From: ZinaJosephs@aol.com
To: gleam.davis@smgov.net, robert.holbrook@smgov.net, kevin@mckeown.net, pam.oconnor@smgov.net, terry.oday@smgov.net, tony.vazquez@smgov.net, ted.winterer@smgov.net, Council@smgov.net, Clerk@smgov.net
CC: rod.gould@smgov.net, david.martin@smgov.net, zinajosephs@aol.com
Sent: 1/8/2013 4:14:11 P.M. Pacific Standard Time
Subj: City Council 1/8/13 agenda item 5-A

January 8, 2013

To: City Council

From: Zina Josephs

RE: 1/8/13 agenda item 5-A — Development Agreement process

What is the vision for Santa Monica?

Millions of Southland residents come to enjoy the “beach” each year.

The Convention and Visitors Bureau sees a tourist mecca in “both a seaside town and bustling city” (as if it’s really possible to be both at the same time).

Downtown Inc. sees a “world-class shopping, dining and entertainment destination” with 6 million visitors a year.

The SMC Board of Trustees seems to envision a “College Town” with an ever-growing student enrollment, currently at 34,000.

The economic analysis presentation during the LUCE workshops envisioned people from San Diego to Santa Barbara coming to Santa Monica’s “hospital district.”

The Chamber of Commerce re-named the city “Silicon Beach” last January and works with the Santa Monica Alliance to bring even more businesses to Santa Monica, despite the jobs/housing imbalance.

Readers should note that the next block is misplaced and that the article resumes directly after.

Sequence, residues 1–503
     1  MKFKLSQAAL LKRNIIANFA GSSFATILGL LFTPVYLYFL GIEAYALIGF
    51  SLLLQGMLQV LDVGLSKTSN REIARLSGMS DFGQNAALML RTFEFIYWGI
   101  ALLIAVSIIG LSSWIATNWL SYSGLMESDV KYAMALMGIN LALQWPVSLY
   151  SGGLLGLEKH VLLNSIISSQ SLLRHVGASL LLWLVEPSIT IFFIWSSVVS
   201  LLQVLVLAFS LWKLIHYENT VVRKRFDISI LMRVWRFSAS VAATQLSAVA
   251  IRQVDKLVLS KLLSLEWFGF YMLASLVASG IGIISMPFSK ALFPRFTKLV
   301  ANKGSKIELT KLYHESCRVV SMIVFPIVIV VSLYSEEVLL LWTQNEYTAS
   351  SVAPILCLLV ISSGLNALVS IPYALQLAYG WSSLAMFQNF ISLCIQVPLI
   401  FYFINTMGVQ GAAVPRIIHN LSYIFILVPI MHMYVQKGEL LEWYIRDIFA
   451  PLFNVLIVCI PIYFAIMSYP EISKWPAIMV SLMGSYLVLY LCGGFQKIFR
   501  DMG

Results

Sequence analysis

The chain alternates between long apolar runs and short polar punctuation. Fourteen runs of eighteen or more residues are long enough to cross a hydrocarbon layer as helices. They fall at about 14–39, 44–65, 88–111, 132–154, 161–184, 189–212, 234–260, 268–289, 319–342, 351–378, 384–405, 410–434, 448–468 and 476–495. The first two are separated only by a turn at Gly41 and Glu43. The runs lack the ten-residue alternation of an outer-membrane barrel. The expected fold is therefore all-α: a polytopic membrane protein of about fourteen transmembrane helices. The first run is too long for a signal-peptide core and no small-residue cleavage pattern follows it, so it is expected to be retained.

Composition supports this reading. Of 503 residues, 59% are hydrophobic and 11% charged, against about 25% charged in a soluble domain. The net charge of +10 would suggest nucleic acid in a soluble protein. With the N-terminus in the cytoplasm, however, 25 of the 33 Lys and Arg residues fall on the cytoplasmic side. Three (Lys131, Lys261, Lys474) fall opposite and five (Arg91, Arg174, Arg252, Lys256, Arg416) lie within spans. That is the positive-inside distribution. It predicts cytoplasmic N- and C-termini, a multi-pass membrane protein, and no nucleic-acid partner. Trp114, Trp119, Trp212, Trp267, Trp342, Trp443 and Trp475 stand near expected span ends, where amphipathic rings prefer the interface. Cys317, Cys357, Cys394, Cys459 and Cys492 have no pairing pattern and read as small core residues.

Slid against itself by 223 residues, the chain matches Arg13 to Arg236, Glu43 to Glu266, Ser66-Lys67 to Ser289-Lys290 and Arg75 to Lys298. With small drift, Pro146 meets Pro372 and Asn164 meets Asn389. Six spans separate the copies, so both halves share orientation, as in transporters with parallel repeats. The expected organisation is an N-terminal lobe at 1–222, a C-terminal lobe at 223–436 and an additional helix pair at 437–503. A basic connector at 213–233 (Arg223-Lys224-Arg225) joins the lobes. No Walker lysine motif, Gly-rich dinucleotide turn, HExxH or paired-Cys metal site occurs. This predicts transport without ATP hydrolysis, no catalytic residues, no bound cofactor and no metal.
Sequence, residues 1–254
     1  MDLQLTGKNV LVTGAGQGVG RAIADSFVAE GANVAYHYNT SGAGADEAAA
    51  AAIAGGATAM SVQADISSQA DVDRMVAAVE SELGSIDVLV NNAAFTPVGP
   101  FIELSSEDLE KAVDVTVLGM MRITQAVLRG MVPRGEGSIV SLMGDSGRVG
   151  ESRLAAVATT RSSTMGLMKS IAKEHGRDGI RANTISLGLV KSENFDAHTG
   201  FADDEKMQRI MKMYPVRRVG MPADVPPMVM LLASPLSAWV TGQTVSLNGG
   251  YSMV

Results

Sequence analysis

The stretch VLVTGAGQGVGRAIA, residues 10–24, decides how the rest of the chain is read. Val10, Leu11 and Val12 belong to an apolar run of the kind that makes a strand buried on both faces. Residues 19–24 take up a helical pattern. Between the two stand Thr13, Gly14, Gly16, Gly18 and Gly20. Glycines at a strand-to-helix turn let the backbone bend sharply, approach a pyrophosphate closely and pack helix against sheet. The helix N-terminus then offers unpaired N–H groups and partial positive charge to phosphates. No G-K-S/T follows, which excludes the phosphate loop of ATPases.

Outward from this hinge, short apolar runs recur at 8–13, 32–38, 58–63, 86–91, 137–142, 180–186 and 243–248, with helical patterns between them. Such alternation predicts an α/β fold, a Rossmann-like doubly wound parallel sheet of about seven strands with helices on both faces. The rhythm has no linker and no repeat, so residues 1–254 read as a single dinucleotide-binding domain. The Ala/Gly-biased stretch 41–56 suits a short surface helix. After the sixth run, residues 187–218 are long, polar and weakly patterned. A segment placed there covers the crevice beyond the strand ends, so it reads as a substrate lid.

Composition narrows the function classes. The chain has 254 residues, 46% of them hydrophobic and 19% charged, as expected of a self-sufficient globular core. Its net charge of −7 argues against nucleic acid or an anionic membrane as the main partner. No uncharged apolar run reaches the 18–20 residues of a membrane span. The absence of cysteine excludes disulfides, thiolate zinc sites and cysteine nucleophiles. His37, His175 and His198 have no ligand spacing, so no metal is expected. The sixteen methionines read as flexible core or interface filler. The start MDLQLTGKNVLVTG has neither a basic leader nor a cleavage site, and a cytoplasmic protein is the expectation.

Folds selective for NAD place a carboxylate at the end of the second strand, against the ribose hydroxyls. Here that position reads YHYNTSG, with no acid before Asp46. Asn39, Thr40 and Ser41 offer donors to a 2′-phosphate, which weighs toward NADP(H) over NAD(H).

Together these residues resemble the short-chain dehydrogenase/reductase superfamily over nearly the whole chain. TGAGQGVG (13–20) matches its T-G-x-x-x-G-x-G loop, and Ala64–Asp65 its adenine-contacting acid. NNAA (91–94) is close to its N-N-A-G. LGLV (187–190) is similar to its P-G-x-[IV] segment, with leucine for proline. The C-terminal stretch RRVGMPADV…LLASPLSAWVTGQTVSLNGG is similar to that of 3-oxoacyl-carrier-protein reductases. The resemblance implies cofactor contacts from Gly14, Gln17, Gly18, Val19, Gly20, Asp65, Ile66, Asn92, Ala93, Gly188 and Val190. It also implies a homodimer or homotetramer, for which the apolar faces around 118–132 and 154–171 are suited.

But the developers and their architects, attorneys, and consultants seem to see the city simply as a “cash cow” to be crammed with as many densely built projects as they can get approved, and as quickly as possible.

The self-described “Architects and Planners for Responsible Growth” claim that “a development agreement slowdown would undermine critical LUCE objectives.” Let me remind you that the LUCE calls for about 5,000 housing units to be built by 2030, and yet 4,618 housing units are already being planned or are under construction, less than 2/12 years after the LUCE was approved. Who’s doing the undermining here?

This same group claims that “slowing down development agreements risks disrupting the jobs/housing balance.” The staff report shows over 500,000 sq ft of creative/arts/studio space currently being proposed. Are they at all worried about that making the current jobs/housing imbalance worse?

They say that “imposing arbitrary minimum unit sizes is contrary to good design and sound public policy.” Where was their concern about good design when a project was approved in November that had a 5-foot-wide 640-foot internal windowless hallway?

Where is their concern about the current DA proposals’ lack of very low and extremely low income housing units for people currently working in Santa Monica? Is that good public policy?

And their conclusion that since no schools or parks are planned in the Bergamot Area, therefore we shouldn’t worry about housing families there seems backward. Why not build housing for families in that area and include schools and parks in the plans, instead of creating a ghetto of tiny housing units for singles?

My basic question is, how many people, buildings, beach amenities, college towns, Silicon Beaches, tourist meccas, entertainment venues, restaurants, retail stores, office space (creative or otherwise), medical buildings, and new businesses can possibly be squeezed into 8 square miles before the city is ruined?

I sincerely hope that you will call a temporary halt to the Development Agreement process, before the tipping point into “undesirable place to live and raise a family” is reached. Unrestrained over-development in Santa Monica is kind of like climate change — it can only be ignored for so long before irreversible damage is done.

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